Glasgay films are go

Festival director Steven Thomson tells us about this year's event.

by Jennie Kermode

"The film strand at the festival creates the opportunity for a lesbian and gay audience to see work they just won't see anywhere else, or that they'll very rarely get the chance to see," says Steven Thomson, director of Glasgay. "It's especially important for new work, to showcase up and coming filmmakers who are yet to break into the mainstream, and to look at issues that are under-represented elsewhere."

Glasgay, Glasgow's month-long festival celebrating lesbian, gay, bisexual and transgender (LGBT) culture, is now in its 18th year. Steven has been in the top job since 2004, and under his leadership the festival has grown considerably, forming partnerships with new venues including the Glasgow Film Theatre (GFT) and Centre for Contemporary Arts (CCA). Although the film strand is still relatively small, it has become a central part of the event. This time Glasgay worked with the GFT and local publishing group Lock Up Your Daughters to select the films on show. "We tried to find work looking at the broader issues surrounding representation," says Steven "and we were also trying to strike a balance between interesting historical films and new work.

"The representation of lesbians and gays is a big issue at the moment, driven by movements in contemporary culture and changing lifestyle issues. There was the recent outcry about there supposedly being too many gay characters in Coronation Street and Opera North nearly had a show cancelled because people objected to it containing the word 'queer'. We wanted to find films that feature something other than the usual stereotypical presentations of the lesbian gay community, that she people as they really are, just ordinary people, and not mad, bad or sad."

The festival includes some quite obscure works. Was it difficult getting access to them? Steve laughs. "The GFT like to have a cult classic or two in the programme. Some of it was challenging but I think it's interesting because these films really show us what was going on in niche communities, say with directors like John Waters before he became popular. One of the problems faced by lesbian and gay filmmakers is that when they start out they're often forced to make work on very low budgets, but 30 years later some of those films are cult classics. The CCA were also involved in choosing films and they'll be showing Killing Us Softly, which is about how women are represented in advertising. There's a movement now towards trying to get batter representations of women and representations of lesbians and gays that are not just the old butch / femme or camp stereotypes. We hope these films will allow the audience to draw their own conclusions, and we think it's an important opportunity to have LGBT voices speaking to an LGBT audience."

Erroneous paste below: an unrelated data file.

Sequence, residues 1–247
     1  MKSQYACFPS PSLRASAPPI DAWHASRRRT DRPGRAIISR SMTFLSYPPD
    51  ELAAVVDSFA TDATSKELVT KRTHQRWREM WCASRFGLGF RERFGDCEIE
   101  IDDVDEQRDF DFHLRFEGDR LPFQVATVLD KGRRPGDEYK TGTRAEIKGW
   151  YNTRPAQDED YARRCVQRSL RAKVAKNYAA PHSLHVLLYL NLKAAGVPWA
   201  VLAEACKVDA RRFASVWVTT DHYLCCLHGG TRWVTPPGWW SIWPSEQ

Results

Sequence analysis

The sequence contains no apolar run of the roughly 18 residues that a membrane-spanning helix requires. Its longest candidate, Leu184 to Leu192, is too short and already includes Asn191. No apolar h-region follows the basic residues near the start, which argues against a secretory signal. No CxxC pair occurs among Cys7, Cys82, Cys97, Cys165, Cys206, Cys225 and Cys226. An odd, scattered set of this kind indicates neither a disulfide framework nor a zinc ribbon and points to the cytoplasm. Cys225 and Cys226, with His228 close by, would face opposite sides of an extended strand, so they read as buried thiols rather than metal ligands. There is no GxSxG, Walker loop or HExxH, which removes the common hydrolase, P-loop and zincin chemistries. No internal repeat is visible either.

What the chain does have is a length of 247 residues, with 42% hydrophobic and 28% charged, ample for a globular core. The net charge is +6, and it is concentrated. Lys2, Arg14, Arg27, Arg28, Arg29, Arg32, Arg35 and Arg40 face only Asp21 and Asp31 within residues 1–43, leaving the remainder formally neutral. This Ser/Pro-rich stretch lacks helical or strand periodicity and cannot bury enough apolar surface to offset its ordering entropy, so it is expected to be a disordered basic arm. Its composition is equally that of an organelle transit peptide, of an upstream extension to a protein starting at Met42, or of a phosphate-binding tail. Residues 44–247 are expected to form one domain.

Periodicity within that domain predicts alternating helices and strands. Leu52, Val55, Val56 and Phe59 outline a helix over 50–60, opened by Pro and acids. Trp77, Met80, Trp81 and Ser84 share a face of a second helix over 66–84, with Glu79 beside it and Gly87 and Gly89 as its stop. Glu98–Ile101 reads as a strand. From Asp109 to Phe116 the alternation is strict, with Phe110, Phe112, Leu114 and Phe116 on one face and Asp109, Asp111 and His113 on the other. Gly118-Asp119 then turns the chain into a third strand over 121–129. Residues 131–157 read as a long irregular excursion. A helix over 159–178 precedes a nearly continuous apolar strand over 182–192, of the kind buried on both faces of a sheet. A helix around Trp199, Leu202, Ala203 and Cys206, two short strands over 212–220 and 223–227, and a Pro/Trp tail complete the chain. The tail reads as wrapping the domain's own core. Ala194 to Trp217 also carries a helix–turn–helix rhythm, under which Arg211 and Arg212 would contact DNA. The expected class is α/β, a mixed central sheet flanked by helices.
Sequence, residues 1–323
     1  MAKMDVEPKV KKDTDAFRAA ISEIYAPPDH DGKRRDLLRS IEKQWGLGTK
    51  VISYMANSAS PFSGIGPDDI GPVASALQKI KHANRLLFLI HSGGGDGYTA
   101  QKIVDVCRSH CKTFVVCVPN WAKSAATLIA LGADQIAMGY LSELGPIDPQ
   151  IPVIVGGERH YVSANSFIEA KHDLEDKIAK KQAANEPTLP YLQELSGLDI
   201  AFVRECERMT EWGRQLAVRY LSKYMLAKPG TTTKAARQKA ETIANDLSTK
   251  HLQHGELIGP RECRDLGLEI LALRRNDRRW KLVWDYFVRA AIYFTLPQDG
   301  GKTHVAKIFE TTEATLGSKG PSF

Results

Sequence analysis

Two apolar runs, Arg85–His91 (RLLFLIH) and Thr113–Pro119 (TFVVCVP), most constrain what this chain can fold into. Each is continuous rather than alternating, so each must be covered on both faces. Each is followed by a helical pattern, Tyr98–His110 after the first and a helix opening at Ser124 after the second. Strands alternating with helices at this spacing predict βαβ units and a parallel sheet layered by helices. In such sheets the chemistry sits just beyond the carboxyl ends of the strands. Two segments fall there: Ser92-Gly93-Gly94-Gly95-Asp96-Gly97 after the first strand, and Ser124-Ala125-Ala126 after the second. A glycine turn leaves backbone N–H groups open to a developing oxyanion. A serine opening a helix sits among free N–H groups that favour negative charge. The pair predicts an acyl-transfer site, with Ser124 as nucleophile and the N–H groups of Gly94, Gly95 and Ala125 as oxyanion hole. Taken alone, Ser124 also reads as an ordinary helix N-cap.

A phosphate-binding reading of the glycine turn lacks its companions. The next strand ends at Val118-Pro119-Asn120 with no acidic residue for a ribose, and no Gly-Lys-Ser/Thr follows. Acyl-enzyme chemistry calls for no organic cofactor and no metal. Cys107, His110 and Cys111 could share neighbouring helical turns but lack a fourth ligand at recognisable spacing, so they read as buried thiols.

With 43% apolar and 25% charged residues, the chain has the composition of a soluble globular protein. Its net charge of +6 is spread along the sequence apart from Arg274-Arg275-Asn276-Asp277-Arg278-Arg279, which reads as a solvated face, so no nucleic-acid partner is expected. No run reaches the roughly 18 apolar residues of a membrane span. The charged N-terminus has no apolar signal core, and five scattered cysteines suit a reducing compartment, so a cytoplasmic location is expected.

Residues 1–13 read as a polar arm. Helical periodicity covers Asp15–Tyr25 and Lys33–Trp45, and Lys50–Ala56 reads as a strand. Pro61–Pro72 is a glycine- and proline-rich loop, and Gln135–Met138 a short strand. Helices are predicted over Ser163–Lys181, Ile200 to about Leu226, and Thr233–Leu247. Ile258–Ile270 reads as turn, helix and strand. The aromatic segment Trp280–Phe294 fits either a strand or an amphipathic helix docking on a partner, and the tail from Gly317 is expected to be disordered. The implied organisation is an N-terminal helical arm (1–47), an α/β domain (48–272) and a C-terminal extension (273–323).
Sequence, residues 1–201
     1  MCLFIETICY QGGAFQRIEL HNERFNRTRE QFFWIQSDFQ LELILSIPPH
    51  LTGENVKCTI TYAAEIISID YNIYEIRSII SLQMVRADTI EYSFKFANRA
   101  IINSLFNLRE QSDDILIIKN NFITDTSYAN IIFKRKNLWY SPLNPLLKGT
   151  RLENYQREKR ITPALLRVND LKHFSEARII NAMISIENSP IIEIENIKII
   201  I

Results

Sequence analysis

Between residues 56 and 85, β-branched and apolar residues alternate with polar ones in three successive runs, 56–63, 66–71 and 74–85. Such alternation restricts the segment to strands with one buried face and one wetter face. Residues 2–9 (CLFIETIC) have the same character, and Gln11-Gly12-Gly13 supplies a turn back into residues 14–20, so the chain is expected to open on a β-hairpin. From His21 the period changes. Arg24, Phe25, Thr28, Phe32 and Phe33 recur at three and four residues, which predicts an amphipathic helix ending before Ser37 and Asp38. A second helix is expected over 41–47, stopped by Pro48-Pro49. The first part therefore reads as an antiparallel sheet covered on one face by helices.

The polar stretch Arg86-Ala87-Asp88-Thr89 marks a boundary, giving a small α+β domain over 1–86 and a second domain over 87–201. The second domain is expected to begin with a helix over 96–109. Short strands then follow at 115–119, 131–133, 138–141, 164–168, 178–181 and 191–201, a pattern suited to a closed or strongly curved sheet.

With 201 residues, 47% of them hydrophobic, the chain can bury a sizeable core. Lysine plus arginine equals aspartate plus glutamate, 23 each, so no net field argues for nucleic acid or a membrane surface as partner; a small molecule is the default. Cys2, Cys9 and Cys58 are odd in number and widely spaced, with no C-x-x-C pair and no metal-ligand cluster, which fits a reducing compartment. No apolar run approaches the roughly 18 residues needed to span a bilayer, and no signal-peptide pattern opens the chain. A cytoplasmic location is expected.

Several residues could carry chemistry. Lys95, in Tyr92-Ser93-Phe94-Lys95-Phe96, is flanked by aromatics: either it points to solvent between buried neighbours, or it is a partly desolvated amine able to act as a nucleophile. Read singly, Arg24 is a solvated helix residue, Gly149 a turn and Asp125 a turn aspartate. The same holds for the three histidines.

Is it just an LGBT audience, I ask, or do straight people also go along to Glasgay films?

"We do get straight people going," he says. "About a third of our audience is straight. 60% are from somewhere within greater Glasgow but some travel quite a way to get here, from Europe. It's a really big event now."

There will also be filmmakers in attendance.

"We have Andrew Haigh here to talk about Weekend and there are people from Dollywood. We try to do a Q&A around most of the films, inviting local academics for instance, so we can draw out issues from the audience."

Weekend is, Steven acknowledges, his personal favourite.

"It's just such a fresh movie that gives a real view of what it's like to be in bed with a gay guy for the weekend. You travel through a lifetime in the course of a few days and find love and romance along the way. It looks at gay relationships in a really honest, refreshing way and in particular it uses language that the average gay guy in the street would get."

That said, there are other films screening that Steven hasn't yet had a chance to see, and he's pretty excited about that. In the future, he says, he hopes to continue to develop the film strand of the festival. Changing distribution networks mean there are major challenges ahead, but he remains confident, and he's always looking out for new talent and new work.



Glasgay runs between October 15 and November 12.

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